In March 2020, the FASB issued ASU 2020-04, Reference Rate Reform (Topic 848): Facilitation of the Effects of Reference Rate Reform on Financial Reporting. This standard provides optional expedients for application of GAAP, if certain criteria are met, to contracts and other transactions that reference LIBOR or other reference rates that are expected to be discontinued because of reference rate reform. The amendments in this update are effective through December 31, 2022. In January 2021, the FASB issued ASU 2021-01 to expand and clarify the scope of Topic 848 to include derivative instruments on discounting transactions. The Company does not currently expect the adoption of this new standard to have a material impact on its financial statements.

In December 2019, the FASB issued ASU 2019-12, Income Taxes (Topic 740): Simplifying the Accounting for Income Taxes. This standard eliminates certain exceptions in the current guidance related to the approach for intraperiod tax allocation and the methodology for calculating income taxes in an interim period and amends other aspects of the guidance to help clarify and simplify U.S. GAAP. This standard will be effective for the Company for annual periods beginning after December 15, 2021 and interim periods within fiscal years beginning after December 15, 2022, with early adoption permitted. The Company does not currently expect the adoption of this new standard to have a material impact on its financial statements.

9


XERIS PHARMACEUTICALS, INC.
Notes to Condensed Consolidated Financial Statements
March 31, 2021
(unaudited)



In June 2016, the FASB issued ASU 2016-13, Financial Instruments - Credit Losses (Topic 326): Measurement of Credit Losses on Financial Instruments, as further updated by ASU 2018-19, 2019-04, 2019-05, 2019-10 and 2020-03. This standard requires entities to estimate an expected lifetime credit loss on financial assets ranging from short-term trade accounts receivable to long-term financings and report credit losses using an expected losses model rather than the incurred losses model that was previously used and establishes additional disclosures related to credit risks. For available-for-sale debt securities with unrealized losses, the standard will require allowances to be recorded instead of reducing the amortized cost of the investment. This standard limits the amount of credit losses to be recognized for available-for-sale debt securities to the amount by which carrying value exceeds fair value and requires the reversal of previously recognized credit losses if fair value increases. This standard will be effective for the Company for annual and interim periods beginning after December 15, 2022, with early adoption permitted. The Company is currently evaluating the impact the adoption of this new standard will have on its financial statements.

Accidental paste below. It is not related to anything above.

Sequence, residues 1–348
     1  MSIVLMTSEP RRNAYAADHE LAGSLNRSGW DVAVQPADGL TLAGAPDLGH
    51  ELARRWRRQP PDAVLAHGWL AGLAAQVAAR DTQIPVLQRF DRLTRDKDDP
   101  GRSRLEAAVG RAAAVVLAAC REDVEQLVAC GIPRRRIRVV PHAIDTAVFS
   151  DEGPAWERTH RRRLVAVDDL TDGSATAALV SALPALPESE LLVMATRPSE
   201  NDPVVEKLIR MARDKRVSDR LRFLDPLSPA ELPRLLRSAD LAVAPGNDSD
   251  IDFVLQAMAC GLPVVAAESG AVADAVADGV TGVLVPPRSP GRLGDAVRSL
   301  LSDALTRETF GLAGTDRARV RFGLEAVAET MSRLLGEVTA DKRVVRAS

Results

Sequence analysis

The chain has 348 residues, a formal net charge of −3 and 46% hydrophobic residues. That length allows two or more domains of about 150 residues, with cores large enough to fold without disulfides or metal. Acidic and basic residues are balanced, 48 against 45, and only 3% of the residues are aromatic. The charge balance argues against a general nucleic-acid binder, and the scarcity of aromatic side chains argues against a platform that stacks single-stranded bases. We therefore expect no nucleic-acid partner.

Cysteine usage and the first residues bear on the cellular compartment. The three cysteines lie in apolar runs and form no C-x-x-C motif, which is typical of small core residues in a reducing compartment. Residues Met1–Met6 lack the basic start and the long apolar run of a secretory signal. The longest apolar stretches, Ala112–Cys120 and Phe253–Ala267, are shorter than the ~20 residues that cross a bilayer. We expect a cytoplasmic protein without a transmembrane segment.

In February 2016, the FASB issued ASU 2016-02, Leases (Topic 842). The new standard requires lessees to record a right-of-use asset and a lease liability for all leases with a term of greater than twelve months regardless of their classification. Leases will be classified as either operating or finance leases under the new guidance. Operating leases will result in straight-line expense in the income statement, similar to current operating leases, and finance leases will result in more expense being recognized in the earlier years of the lease term, similar to current capital leases. The FASB has recently extended the effective date of this standard for certain companies. This standard will be effective for the Company for fiscal years beginning after December 15, 2021 and interim periods within fiscal years beginning after December 15, 2022. The Company is currently evaluating the impact the adoption of this new standard will have on the financial statements and related disclosures; however, since the Company is a lessee to certain leases for property whose terms exceed twelve months, it expects, once adopted, to report assets and liabilities related to these leases on its balance sheet.

Note 3. Inventory

The components of inventories consisted of the following (in thousands):  

March 31, 2021December 31, 2020
Raw materials$6,022 $2,874 
Work in process2,492 4,247 
Finished goods3,982 1,232 
     Inventory$12,496 $8,353 


Inventory reserves were $1.9 million and $1.5 million at March 31, 2021 and December 31, 2020, respectively.


Note 4. Other Accrued Liabilities

Other accrued liabilities consisted of the following (in thousands):  
March 31, 2021December 31, 2020
Accrued employee costs$6,939 $7,989 
Accrued supply chain costs1,270 1,702 
Accrued marketing and selling costs1,426 1,114 
Accrued research and development costs765 678 
Accrued restructuring charges512 811 
Accrued interest expense823 1,527 
Accrued other costs2,169 2,074 
Other accrued liabilities$13,904 $15,895 

10


XERIS PHARMACEUTICALS, INC.
Notes to Condensed Consolidated Financial Statements
March 31, 2021
(unaudited)



Note 5. Long-term Debt

Convertible Senior Notes

In June 2020, the Company completed a public offering of $86.3 million aggregate principal amount of the Company's 5.00% Convertible Senior Notes due 2025 (the "Convertible Notes"), including $11.3 million pursuant to the underwriters' option to purchase additional notes which was exercised in full in July 2020. The Company incurred debt issuance costs of $5.1 million in connection with the issuance of the Convertible Notes. The Company used $20.0 million and $4.2 million of the net proceeds from the sale to prepay a portion of the principal amount on the Term A Loan (as defined below) and the remaining amount of borrowings outstanding under the PPP Loan (as defined below), respectively.